What lessons did we learn from Sept.11, 2001? I guess if you ask multiple people to answer this question, you will get multiple answers.

If you were to ask me, as I sit here and write this on Sept. 10, 2020, I would say we didn’t learn much. If we did, we sure don’t act like it. We are a nation run amok. The humble unity most of us felt on that dreadful day has long dissipated. It’s as if those police officers and firefighters who lived and died, the heroes who took the plane down in the Pennsylvania countryside, and every victim who lost their lives that day, did so in vain. I know this can’t be true. It’s just how this country for the most part is acting right now.

Every time I see a picture of the twin towers, or read anything associated with that day, my blood pressure rises to unhealthy numbers. Maybe it isn’t very Christian of me. I don’t know. Nevertheless, it is the truth. For the life of me, I don’t understand how anyone can not feel the same. But I’m pretty sure not everyone does. Many have seemingly moved on from this tragic event as if it never happened. Unfortunately, several thousand families lost a loved one on that day. I feel sure somehow, they haven’t forgotten. And they never will. Maybe you think I should let it go. Nah. I think I will continue to love my country and be angry it was attacked.

Lee Greenwood’s “God Bless the U.S.A.” was re-energized after the events of Sept. 11. It’s a beautiful tune about being proud to be an American. Every time I hear this song, I still get chills. As many problems and differences we might have, at least we are free. We have the right to believe and say pretty much anything we wish. Yet, anyone with a moral compass should know, just because it’s legal, doesn’t mean it’s right. Words hurt. Turn on social media to see some of these verbal attacks. People, many I have looked up to in the past, spitting venom like a Cobra at other people that I have looked up to in the past. All because of a difference of opinion. Most of these type conversations would never be had in person. The internet has made many lions out of cowards. But they are only lions while they are locked in their homes wrapped in the protection of the very Constitution they spit on.

One would think racism would have improved since 1991 when Whitney Houston sang the National Anthem at Super Bowl XXV in Tampa. Guess what? It hasn’t. Her rendition of this patriotic song will most likely go down in history as the greatest performance ever of this classic. If it doesn’t, we’ve made a mistake. Because it is without doubt a performance of historic proportions. At the time, American troops were fighting the Gulf War. My brother was there when the fighting started along with many of your loved ones. It had to be hard on Mama, Daddy, and his wife, Sam. I’m sure it was hard on your families. As scary as this time in history was, I will never forget the feeling I got listening to Whitney sing the National Anthem. Not only was my body covered with chill bumps, a tear rolled down my cheek. Okay. Maybe more than one tear.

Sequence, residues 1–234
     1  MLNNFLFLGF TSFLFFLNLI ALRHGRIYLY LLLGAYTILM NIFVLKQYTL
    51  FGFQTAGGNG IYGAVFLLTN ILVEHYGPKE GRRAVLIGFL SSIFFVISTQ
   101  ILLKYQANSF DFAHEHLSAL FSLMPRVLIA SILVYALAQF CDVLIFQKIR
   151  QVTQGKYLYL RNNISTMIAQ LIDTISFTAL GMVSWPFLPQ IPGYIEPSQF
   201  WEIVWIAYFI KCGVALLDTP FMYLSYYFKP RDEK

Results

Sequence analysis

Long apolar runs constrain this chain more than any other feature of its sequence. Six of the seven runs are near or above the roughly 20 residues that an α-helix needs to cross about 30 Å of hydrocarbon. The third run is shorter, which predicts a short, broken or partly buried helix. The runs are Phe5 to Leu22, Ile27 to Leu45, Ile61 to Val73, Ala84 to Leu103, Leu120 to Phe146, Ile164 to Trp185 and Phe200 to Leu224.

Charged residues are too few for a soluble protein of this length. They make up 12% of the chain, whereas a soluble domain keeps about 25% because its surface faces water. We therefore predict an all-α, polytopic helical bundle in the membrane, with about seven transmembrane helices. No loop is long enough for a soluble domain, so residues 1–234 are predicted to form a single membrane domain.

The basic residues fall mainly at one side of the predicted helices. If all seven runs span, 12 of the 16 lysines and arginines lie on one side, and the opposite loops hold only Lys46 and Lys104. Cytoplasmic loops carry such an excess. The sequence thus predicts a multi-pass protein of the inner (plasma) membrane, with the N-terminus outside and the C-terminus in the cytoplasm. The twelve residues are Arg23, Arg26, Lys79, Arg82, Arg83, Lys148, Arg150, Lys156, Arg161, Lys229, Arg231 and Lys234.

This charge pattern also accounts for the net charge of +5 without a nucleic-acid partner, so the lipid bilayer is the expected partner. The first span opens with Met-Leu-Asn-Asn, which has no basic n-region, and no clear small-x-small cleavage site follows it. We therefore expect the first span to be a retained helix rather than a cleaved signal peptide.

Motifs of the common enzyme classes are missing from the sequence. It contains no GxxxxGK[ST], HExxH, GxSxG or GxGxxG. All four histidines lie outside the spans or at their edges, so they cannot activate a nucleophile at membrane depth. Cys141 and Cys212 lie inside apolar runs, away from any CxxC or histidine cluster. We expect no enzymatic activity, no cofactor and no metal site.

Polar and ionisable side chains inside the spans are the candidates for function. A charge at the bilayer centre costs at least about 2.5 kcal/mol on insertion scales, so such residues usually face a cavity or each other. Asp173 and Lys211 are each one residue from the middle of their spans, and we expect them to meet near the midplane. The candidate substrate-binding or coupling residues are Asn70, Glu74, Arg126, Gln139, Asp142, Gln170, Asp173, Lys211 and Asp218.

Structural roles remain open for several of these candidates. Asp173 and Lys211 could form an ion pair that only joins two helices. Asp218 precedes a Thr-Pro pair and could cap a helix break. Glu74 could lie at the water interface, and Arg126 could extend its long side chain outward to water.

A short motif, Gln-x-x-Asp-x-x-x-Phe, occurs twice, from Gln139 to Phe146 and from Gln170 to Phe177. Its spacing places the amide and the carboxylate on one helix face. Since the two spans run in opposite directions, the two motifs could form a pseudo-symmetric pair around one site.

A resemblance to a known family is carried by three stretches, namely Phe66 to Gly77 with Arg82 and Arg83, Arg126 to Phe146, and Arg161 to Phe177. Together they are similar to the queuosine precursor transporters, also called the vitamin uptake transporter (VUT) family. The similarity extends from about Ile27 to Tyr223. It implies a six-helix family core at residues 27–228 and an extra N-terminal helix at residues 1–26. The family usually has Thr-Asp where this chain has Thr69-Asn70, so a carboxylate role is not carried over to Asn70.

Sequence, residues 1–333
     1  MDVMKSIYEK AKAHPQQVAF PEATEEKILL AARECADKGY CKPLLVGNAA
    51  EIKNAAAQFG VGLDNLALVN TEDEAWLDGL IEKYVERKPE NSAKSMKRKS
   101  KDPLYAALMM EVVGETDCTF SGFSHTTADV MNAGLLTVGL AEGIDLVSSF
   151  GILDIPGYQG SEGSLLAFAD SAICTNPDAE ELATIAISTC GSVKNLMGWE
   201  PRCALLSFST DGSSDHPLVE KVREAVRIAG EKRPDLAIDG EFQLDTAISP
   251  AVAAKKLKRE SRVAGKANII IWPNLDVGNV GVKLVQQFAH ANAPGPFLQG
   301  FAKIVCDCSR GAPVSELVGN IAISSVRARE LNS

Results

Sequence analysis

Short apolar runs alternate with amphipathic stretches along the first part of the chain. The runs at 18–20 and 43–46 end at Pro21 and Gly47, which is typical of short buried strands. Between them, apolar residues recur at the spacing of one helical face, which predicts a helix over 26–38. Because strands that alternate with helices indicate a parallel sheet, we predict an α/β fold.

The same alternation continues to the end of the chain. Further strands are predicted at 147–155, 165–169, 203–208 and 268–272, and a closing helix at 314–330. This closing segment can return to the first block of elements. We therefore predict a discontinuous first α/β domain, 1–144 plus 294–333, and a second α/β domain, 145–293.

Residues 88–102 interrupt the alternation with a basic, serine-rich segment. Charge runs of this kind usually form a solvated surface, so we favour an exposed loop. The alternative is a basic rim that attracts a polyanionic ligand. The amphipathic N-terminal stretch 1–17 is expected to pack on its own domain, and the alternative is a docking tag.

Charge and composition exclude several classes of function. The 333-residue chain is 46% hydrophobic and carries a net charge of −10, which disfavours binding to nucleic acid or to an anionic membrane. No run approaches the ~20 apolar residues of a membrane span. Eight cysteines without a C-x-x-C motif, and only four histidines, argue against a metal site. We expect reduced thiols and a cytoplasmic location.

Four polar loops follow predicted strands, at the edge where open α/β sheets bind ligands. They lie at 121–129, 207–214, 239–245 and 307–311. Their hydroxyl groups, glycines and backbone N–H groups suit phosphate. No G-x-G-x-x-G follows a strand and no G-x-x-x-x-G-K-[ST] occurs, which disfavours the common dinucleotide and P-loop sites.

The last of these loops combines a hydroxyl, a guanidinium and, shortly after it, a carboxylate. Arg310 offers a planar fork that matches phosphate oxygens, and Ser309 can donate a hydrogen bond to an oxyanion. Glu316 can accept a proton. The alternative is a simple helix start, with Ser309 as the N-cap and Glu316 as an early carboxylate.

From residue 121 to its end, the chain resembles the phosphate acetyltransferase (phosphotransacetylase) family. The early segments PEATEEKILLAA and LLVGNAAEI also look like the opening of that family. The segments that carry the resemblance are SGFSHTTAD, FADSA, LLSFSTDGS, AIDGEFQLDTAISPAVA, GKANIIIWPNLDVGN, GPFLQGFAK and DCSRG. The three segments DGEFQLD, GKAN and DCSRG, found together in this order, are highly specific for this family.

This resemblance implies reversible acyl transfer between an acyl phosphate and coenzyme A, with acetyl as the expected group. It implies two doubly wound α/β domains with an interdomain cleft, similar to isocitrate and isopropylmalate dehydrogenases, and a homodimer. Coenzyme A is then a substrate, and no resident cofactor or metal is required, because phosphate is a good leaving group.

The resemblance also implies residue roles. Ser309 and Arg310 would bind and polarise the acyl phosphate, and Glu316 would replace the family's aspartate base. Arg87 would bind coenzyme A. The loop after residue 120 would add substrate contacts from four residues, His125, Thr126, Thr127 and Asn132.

This was a beautiful and patriotic moment in American history. It was led by a black woman with a phenomenal voice. She didn’t make it about race. She didn’t make it about gender. She didn’t sing the song as a black woman. Whitney Houston, in her poise and grace, sang the National Anthem as an American. The heart and soul in her voice left no doubt she was a proud American. When she finished the song, she wasn’t cheered by white, blacks, and other people of color. She was applauded by other proud Americans who loved her for her gift of song the country needed so badly at the time. Though she died much too soon, Whitney Houston will never be forgotten for her willingness to share her patriotism through song.

Two of the greatest patriotic songs in history were sung by a white man and a black woman. Ain’t that something? I’m sure both songs sung by these two legends somehow offend some people today. That my friends, is a sad state of affairs. If I am right and there are some offended by these two songs and these two artists, please know this. There are many like me who respectfully don’t care if you are offended by patriotism. We are proud to be Americans. A great country singer, Alan Jackson, sings another patriotic song about Sept. 11 titled, “Have You Forgotten?” I’m afraid some have.

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Chris Collett is a longtime resident of Cherokee County.

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